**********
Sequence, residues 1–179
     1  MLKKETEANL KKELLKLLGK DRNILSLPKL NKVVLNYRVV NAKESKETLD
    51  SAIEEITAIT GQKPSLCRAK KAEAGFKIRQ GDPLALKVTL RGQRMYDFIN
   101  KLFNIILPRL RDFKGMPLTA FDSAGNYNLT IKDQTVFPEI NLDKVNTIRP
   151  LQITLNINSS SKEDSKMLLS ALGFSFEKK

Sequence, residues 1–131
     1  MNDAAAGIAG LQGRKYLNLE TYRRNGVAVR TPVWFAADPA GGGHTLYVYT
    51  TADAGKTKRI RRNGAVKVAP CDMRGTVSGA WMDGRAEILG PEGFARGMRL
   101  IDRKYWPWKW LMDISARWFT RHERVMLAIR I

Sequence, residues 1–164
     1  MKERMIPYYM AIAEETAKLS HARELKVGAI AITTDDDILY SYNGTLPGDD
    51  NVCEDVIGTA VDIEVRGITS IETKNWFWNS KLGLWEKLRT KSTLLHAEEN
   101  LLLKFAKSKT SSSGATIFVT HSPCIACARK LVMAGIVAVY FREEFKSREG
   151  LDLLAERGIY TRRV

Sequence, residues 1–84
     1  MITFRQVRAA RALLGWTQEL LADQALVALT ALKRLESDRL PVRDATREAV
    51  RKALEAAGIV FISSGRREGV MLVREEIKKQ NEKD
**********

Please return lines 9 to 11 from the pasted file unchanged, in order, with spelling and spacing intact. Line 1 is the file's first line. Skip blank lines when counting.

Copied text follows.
   101  IDRKYWPWKW LMDISARWFT RHERVMLAIR I

Sequence, residues 1–164
     1  MKERMIPYYM AIAEETAKLS HARELKVGAI AITTDDDILY SYNGTLPGDD